One of the nicest options (that I heartily recommend for those struggling) is that you can choose to have the gyro aim only switch on when you’re firing, otherwise it stays in it’s normal position and instantly clicks back in place once you finish firing. It’s much easier to keep track of where you’re aiming, although it does become a little more limited in the more difficult boss fights. To help you keep track of your opponent you can hold the ZL button to lock on to them, which I especially recommend for the dog fights where your rivals are zooming about all over the place.
Are the controls the be all and end all of Star Fox Zero? No not at all. In fact I rather enjoyed them after a few hours and to be honest it’s going to feel rather limited if I go back and play the previous games in the series. It might seem like a wall at first, but that wall is quite scalable.
While a normal playthrough of Zero isn’t particularly difficult, the challenge comes in repeated plays and mastering every stage. Each of the main stages have 5 golden medals (alternate levels have less) to acquire to various methods. Some need to be found or triggered after doing certain things in a level, maybe saving an ally in a tight spot or flying through a special area. Then there’s the most difficult one, getting the required amount of enemy take downs. This is the one that will require practice and a bit of dexterity.
Star Fox Zero is a very accessible game as it can include gamers of all skill levels. If you’re young or inexperienced and fail a stage too many times, you can get access to an invincible mode. As stated previously, the main game is for those with a decent skill level, and the after game challenges are perfect for those wanting a real test. Just about anyone can get enjoyment from it.
A cool aspect for those finding it difficult balancing the flying and shooting is playing the game in co-op. One player uses the gamepad to aim and shoot while the other uses another controller to pilot your vehicle. It’s actually rather fun to be honest. Just make sure you play with someone who vaguely knows what they are doing (i.e. not my other half).
The biggest disappointment for me is the lack of an online multiplayer; something that I thought was nailed on to be part of the game. 4 v 4 online dog fights could and should have been amazing, it’s genuinely surprising and a shame that it’s not been implemented in Star Fox Zero.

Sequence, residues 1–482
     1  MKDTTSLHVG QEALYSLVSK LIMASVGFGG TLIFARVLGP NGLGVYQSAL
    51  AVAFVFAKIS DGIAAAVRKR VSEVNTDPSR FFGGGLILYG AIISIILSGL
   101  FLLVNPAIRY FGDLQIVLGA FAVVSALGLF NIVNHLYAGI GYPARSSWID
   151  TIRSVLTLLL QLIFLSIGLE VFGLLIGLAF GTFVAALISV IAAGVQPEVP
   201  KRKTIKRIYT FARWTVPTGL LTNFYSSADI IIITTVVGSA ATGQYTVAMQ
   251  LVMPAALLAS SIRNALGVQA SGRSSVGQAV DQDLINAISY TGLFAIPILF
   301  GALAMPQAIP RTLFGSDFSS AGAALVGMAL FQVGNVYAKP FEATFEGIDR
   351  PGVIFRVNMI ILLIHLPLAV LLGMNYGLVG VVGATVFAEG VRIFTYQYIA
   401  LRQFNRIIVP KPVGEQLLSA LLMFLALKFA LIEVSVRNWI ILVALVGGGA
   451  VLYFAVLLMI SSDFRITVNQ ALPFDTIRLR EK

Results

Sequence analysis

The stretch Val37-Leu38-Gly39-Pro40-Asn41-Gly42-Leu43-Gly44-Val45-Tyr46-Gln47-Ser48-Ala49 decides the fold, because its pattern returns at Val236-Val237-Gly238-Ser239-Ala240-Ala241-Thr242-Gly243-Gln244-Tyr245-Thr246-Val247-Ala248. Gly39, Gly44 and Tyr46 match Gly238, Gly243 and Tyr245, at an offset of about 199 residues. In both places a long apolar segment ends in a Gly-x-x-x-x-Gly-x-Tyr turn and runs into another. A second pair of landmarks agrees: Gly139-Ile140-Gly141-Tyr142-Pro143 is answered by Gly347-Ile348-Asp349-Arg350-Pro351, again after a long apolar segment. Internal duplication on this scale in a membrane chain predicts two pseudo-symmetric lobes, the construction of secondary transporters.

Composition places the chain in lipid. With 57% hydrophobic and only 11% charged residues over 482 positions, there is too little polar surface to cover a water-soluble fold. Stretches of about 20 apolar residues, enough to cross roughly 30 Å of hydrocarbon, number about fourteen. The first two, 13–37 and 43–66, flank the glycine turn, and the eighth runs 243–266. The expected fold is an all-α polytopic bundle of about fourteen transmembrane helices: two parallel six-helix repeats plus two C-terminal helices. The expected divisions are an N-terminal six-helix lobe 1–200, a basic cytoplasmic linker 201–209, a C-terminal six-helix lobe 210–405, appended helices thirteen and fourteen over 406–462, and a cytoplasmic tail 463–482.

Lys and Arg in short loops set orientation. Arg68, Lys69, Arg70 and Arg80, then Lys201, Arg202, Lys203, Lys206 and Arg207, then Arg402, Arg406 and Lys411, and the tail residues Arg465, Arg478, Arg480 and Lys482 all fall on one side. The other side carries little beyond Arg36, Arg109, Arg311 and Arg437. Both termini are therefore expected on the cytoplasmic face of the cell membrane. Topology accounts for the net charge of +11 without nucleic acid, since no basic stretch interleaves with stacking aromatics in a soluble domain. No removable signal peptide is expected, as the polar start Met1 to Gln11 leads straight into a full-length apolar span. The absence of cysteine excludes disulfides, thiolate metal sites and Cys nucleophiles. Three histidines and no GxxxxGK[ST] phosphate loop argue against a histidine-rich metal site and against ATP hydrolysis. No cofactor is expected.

Many people had problems with the graphics, but to be honest I quite liked them. They’ve played it safe, for sure, and a more ambitious graphical style could have been awesome. The end product, however, is still nice, bright and clean, something that suits the game’s universe very well.
The music is a little difficult to gauge to be honest. Much of it is drowned out by the radio chatter from the gamepad (we all know those animals like a comment or two once in a while) and the sound effects of the shooting and explosions. From what I can tell the soundtrack is mix of remixes of franchise staples with a few new tracks thrown in. You can’t go wrong with bona fide classics like Star Wolf’s Theme.
Star Fox Zero is a weird combination of playing it a little too safe with the story, mission structures and nods to the 64 game, whilst being incredibly ambitious with its control schemes. You can’t help but wonder if it should have been the other way around. Star Fox Zero is not an essential Wii U game, but it’s still a really good one that can proudly sit on anyone’s game shelf. It’s yet another unique game in the system’s library and a welcome return for Fox McCloud and his team. The controversial control method does take a little getting used to, but once you get the hang of it, it becomes almost second nature. It follows the tropes of previous outings way too much for its own good and could have benefitted from stepping out of the comfort zone a little more. Hopefully playing it safe in this department for the series’ comeback will now give them the platform to do something more with it next time around, hopefully only a couple of years later this time, not a decade.
– Star Fox is back with the same great gameplay
– Variety in vehicles and missions
– Controls are great once you get used to them
– No online multiplayer
– The story and locations are just too close to 64’s